There are any number of admirable aspirations enshrined in company vision statements, but it is the pursuit of value creation that drives every corporate charter. Companies are in business to create value for their stakeholders, and the pursuit of that value consumes countless hours of contemplation, debate, planning, and review in corporate boardrooms the world over. A number of select companies get it right — they set the correct value creation course and sustain it over time. But many do not. Some companies cannot find the right strategic path; others cannot execute their strategy over time. Still others execute well for a while but then lose their way. And another group of exhausted organizations are so depleted by rounds of business transformation (that is, cost reduction) that they don’t have the stamina to search for additional ways to secure and sustain value. It’s here that top-tier private equity firms provide intriguing and powerful lessons. There are reasons that those who can afford the extravagant management fees continue to invest in private equity — the evidence shows that the best of these firms create economic value again and again, and they do so by implementing real and sustainable operating and productivity improvements at their portfolio companies. The fact that they perform this feat within a window of three to 10 years and in many cases after paying a significant premium is remarkable, all the more so when you consider that general partners typically extract 20 percent of any profits and roughly 2 percent of all capital committed/employed.1 Naturally, not all private equity firms are created equal, but those that underperform the market tend not to survive their next round of raising capital — a particularly unique Darwinian market discipline that keeps PE firms operating at the top of their game. A public company does not enjoy certain liberties that highly concentrated private ownership affords PE firms, but there are still many lessons that do apply or can be adapted. The private equity framework (see “The Basics of Private Equity,” page 8) compels a very focused, time-sensitive, and action-oriented mind-set that public
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companies would do well to emulate (see Exhibit 1, next page). Specifically, public companies should build a value creation regimen on the following seven private equity principles: It’s all about value, cash is king, time is money, use a long-term lens, have the right team in place, get skin in the game, and select stretch goals. It’s all about value To attract continued investment from limited partners and earn the generous fees for which they are renowned, private equity firms have to be laser-focused on value creation, and that does not mean just financial engineering and severe cost cutting. While it’s true that private equity firms have been known to exploit the tax benefits of significant leverage in restructuring portfolio companies, and that cost cutting is often the first step to realizing low-hanging value, more and more PE deals feature substantive operational improvements that result from the application of deep industry and functional expertise. It’s no coincidence that former CEOs Lou Gerstner and Jack Welch are now affiliated with the Carlyle Group and Clayton Dubilier & Rice, respectively. Private equity firms are in the trenches at their portfolio companies, investing in core operations as often as they are cutting extraneous costs to build enduring value. Without doing so, they can’t hope to cash out at the multiples to which they aspire. Private equity firms’ focus on core value begins with the due diligence conducted before the acquisition. General partners carefully choose each target company and explicitly define in an investment thesis how they will create incremental value and by when. This assessment does not stop after the acquisition — they periodically evaluate the value creation potential of their portfolio companies and quickly exit those that are flagging to free up funds for more remunerative investments. Within a portfolio company, PE firms make it their business to understand how each activity contributes to value creation and diligently cut costs on low-value activities. That can often mean exiting entire lines of business that are simply not drawing on the company’s core strengths and differentiating capabilities. Public companies should try to apply a similarly objective and dispassionate lens to their portfolio of businesses — by assessing first the financial performance of each, and then the degree to which each employs mutually reinforcing capabilities that cross business unit lines and distinguish the enterprise as a whole (see Exhibit 2, page 9). For each business, management should ask these questions: Is it core to our company’s future value? Does it require capabilities coherent with our company’s capabilities system? Does it offer a path to building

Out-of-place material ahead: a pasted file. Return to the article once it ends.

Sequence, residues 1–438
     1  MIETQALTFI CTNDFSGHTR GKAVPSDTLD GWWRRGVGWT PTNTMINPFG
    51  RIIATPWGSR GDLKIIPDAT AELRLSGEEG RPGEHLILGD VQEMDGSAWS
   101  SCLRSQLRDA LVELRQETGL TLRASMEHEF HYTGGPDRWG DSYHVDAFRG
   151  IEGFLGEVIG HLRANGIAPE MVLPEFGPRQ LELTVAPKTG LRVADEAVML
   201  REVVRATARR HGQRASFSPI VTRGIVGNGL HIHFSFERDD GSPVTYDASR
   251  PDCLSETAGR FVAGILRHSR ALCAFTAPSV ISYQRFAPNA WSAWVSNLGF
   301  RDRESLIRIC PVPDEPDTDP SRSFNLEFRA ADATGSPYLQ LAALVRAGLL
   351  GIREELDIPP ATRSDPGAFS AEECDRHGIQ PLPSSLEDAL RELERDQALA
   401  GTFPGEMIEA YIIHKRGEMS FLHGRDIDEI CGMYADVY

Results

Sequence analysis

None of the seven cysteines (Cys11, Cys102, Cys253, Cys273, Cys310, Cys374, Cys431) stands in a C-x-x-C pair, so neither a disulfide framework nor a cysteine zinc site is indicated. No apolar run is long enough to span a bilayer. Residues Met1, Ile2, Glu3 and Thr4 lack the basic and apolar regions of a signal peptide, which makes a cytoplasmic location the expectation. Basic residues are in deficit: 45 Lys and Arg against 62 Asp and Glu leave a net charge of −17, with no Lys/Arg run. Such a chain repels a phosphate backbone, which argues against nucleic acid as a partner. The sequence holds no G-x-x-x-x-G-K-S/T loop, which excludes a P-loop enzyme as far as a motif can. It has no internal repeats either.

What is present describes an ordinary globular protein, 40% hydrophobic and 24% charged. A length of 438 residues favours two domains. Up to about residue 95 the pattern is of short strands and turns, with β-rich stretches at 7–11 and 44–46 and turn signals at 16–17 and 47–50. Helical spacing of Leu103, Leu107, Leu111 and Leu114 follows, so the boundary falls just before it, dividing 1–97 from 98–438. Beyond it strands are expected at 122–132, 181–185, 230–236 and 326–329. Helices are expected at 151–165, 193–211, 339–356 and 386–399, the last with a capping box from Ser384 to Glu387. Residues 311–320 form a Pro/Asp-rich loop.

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Exhibit 1 Private equity principles
Private equity value creation
2
Cash is king Scrutinize spending and manage working capital tightly

5
Have the right team in place Replace ineffective leaders quickly

1 3
Time is money Make decisions to improve the business with a sense of urgency It’s all about value Keep a singular focus on value creation

6
Get skin in the game Ensure that management shares in the upside and the downside

4

Use a long-term lens Invest in a few capabilities to maximize long-term value

7

Select stretch goals Set aggressive targets for a few vital measures

Source: Strategy&